Most of these families had longstanding grievances that had been buried and ignored over the years, only to rise to the surface under the stress of a loved one’s death. Sibling rivalries, parental favoritism, divorce, and competition for inheritances are the most common reasons for these resentments. In addition many families are also divided over religious and political differences, which is an especially prevalent problem right now.
One of the important functions of hospice staff members and other end-of-life workers is to assist splintered families with healing and resolution of their conflicts, whenever possible. But sometimes we are called to assist our own families when challenges arise. Here are some tips for being a peacemaker for a fractured family:
Remain neutral on the issues of conflict. As much as possible leave your own biases, preferences and beliefs at the door if you hope to help resolve a disagreement. This will be much easier if you are not emotionally entangled in the conflict. But even if you are, you need to learn to become a “Witness” to the situation (a higher state of consciousness that allows you remain detached.)
Listen to all sides of the argument. Spend time with each person involved in the conflict until you can grasp their perspective. If you are part of the disagreement then at least try to understand the point of view of the others involved in the situation. As soon as you begin to understand how and why the others feel the way they do then you have taken a huge step toward reconciliation.
Avoid trigger topics. Political and religious differences may complicate family conflicts at the end of life but are usually not reconcilable. So it is best to “agree to disagree” about these points of view and set them aside so that the focus can be on healing other issues.
Be present. By staying calm and unemotional you can prevent the conflict from escalating into an all-out war. Practice mindfulness to help strengthen your ability to be present so that your own emotions don’t flare up when you are trying to help others.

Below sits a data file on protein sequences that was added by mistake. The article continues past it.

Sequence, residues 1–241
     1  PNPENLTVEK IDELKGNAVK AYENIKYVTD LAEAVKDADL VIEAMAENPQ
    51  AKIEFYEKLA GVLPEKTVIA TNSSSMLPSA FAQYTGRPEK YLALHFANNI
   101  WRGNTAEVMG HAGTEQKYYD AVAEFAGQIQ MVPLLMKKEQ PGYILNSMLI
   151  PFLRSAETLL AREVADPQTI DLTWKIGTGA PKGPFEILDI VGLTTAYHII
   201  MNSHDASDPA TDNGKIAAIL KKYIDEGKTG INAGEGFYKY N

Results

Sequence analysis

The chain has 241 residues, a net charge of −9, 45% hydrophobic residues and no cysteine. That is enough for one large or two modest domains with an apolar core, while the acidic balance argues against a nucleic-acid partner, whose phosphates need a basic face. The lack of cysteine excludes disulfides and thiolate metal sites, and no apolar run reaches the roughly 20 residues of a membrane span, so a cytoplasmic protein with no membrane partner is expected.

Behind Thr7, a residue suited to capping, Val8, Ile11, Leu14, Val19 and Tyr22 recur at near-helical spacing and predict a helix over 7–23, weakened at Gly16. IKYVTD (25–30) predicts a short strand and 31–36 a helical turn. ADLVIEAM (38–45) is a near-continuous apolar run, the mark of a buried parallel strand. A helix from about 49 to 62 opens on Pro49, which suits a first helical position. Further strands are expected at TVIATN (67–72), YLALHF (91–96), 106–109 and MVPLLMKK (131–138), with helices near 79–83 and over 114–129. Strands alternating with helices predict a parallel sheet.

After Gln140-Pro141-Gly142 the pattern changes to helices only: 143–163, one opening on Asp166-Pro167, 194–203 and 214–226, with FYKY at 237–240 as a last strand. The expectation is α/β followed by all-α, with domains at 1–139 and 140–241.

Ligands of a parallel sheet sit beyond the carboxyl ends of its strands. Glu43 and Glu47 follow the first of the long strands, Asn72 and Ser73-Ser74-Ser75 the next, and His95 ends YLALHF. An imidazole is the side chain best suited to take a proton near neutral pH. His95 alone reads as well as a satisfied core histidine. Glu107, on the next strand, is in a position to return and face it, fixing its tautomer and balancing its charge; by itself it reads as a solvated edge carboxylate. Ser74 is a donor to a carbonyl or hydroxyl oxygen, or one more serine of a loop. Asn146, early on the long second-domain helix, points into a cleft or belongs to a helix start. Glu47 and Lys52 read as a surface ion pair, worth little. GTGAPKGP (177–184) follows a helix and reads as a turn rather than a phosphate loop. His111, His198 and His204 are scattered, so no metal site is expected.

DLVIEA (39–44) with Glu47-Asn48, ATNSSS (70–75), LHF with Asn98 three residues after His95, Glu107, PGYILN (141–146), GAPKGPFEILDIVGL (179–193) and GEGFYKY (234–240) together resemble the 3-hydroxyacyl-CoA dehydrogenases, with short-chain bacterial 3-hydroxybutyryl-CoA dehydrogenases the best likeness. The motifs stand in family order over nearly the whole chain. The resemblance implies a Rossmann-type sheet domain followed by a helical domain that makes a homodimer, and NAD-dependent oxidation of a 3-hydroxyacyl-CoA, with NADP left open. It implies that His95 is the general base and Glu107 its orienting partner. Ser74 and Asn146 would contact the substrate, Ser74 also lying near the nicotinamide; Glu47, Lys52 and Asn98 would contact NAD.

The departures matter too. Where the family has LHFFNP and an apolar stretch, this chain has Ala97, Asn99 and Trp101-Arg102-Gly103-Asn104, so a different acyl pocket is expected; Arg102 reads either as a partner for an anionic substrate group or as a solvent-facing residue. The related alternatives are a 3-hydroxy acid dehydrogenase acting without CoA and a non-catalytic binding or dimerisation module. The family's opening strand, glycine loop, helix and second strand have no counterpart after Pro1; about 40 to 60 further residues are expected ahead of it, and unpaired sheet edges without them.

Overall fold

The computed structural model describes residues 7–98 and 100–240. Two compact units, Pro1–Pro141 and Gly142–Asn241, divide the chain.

Find common ground. As you listen carefully to the stories of each opponent in the disagreement you may recognize certain common threads–areas where they actually share the same perspective without realizing it. Gather these threads so that you can remind those in conflict that are some things they have in common. Help them untie around the things that matter most (like doing what’s best for their loved one.)
Learn the wishes of the dying loved one (if possible.) If you can still communicate with the patient you may find out that she has a wish for her family to reconcile. You can use this wish to help draw the combatants together in their desire to please and comfort the one they love. Let the patient’s wishes become a “magnet” around which the rest of the family gradually comes together.
Have patience. Don’t try to force a reconciliation by rushing into a family conference or intervention. Allow for some separation initially and let the gaps between individuals gradually begin to close.
The bottom line is that families who don’t wait until the end of life to resolve their differences have a much easier time negotiating the challenges of death and dying. But that’s not the case for most families. Most are left to rehash old sibling issues, betrayals, disappointments, and wounds during the last days of their loved one’s life when they should be sitting at the bedside offering love and comfort.